7. Not Taking the Social Advantage

“I don’t want to be a downer and say that resumes go into a black hole,” Poulson says, “but what candidates don’t realize is the sheer volume of applicants that each posting can bring in.”

To jump ahead of other candidates who are sitting back and letting overwhelmed recruiters weed through the pile, Poulson urges you to log onto social media and reach out directly to hiring managers. “Show them that you are willing to go the extra mile to work with their organization,” she says.

8. Ignoring the Networking Big Picture

Networking isn’t about working the room. “Effective networking is focusing on what you can do for others, instead of what they can do for you,” Kaufman tells us. “Networking is about creating mutually supportive relationships.

Constantly look for ways to support others in succeeding, whether it’s a referral or introduction, providing useful information or being a sounding board for their ideas, be a source for success.”

9. Missing out on Non-Traditional Networking Opportunities

And networking isn’t just a thing you do at meetups and conferences. Mavi’s favorite tip for job seekers is to look out for networking opportunities wherever they are, whether it’s in line at a coffee shop, waiting for a table at a restaurant or standing at a bus stop.

“You must be open to people, their stories and what can happen when people are disarmed by a simple ‘Hello’ or ‘Excuse me, I’ve seen so many people reading that exact book today, would you recommend it?’” Mavi shares. “You never know who you’ll meet that way. I ended up with a husband because I asked him about his iPhone seven years ago. Trust me, you have more to lose by not being open!”

10. Zipping Those Lips

Asking questions during job interviews isn’t just important, it’s essential. Poulson can’t believe how big of a problem this still is for job seekers. “Even if you feel like the person you’re meeting with has covered everything you might possibly want to know about the job or organization, get creative,” she urges.

“Ask them about why they chose to work there or why they do what they do. Make it evident that you have an interest beyond yourself and this particular role.”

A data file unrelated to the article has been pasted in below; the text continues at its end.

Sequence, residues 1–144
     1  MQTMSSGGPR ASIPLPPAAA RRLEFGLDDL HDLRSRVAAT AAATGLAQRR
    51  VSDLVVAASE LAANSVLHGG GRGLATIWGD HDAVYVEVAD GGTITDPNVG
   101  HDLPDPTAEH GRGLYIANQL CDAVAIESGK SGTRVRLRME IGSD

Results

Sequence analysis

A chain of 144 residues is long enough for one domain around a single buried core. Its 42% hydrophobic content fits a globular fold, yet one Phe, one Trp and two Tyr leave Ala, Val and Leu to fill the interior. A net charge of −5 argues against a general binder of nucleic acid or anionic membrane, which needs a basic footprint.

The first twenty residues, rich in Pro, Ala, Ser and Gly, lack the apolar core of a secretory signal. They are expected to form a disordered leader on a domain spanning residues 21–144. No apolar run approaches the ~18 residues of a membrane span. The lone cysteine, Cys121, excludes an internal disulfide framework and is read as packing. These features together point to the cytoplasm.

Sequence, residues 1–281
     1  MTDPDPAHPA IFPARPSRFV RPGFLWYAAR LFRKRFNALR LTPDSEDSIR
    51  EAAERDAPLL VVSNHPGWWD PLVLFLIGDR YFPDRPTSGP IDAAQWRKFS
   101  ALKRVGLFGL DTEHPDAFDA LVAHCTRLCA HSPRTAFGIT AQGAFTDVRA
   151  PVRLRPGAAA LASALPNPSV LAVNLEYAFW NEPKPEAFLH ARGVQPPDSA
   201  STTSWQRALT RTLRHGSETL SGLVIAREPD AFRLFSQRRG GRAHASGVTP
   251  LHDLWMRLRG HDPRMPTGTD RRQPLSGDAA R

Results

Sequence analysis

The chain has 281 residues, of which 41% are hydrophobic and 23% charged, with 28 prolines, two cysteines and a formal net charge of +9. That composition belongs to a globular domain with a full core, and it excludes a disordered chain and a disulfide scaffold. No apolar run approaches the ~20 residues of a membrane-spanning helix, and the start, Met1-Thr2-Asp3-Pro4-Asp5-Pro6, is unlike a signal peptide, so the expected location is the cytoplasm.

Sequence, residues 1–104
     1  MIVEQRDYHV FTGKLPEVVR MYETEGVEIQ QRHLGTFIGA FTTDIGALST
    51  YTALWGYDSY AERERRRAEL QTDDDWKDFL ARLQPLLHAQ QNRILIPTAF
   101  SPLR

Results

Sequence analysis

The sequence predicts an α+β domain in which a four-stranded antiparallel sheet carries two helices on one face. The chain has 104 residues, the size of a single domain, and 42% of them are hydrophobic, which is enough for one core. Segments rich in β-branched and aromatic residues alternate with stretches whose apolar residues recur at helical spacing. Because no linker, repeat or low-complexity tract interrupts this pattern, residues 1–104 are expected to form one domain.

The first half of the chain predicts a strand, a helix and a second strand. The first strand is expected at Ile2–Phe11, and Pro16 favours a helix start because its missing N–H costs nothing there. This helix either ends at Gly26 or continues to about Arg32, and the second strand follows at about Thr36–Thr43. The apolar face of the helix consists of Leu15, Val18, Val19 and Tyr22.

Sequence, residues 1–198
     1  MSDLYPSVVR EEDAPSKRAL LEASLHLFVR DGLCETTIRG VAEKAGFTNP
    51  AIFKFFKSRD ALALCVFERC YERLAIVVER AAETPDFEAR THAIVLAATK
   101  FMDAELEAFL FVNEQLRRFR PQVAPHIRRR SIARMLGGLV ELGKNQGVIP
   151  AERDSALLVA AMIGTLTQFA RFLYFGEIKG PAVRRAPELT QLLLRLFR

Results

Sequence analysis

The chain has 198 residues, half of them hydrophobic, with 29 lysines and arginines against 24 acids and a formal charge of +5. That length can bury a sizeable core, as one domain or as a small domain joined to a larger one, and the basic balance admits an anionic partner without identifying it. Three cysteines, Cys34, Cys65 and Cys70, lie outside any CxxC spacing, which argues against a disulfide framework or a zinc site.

11. Making It All About You

When you go on and on about you in your cover letter, what the hiring manager hears is, “’Hire me for me because it’s what I want.’ The letter should express why the company will benefit from bringing you on board,” Mavi says.

“Try expressing your interest by saying, ‘I’d love to help company X carry out its mission of offering quality healthcare at affordable prices and believe I can create cost-effective marketing plans that will drive revenue.’ It’s even better if you add, ‘In fact, I have three strategies I’d love to discuss,’” she says, which shows that you’re already thinking about how you can add value to the company.

12. Forgetting the Thank-You

Thank-you notes or emails—both are acceptable!—remain on the list of must-dos. But to be memorable, Poulson wants you to go above and beyond by referencing the conversation you had with your interviewer. She still remembers one candidate she talked to last year.

“I mentioned that I want to see a great white shark in the wild,” she says. “Her thank you note was a design of me and a shark. Brilliant move. I had totally forgotten about the conversation but it meant a lot that she went out of her way to do something special. She went above and beyond in the thank you which means she’ll more than likely do the same on the job. She’s been working with us ever since.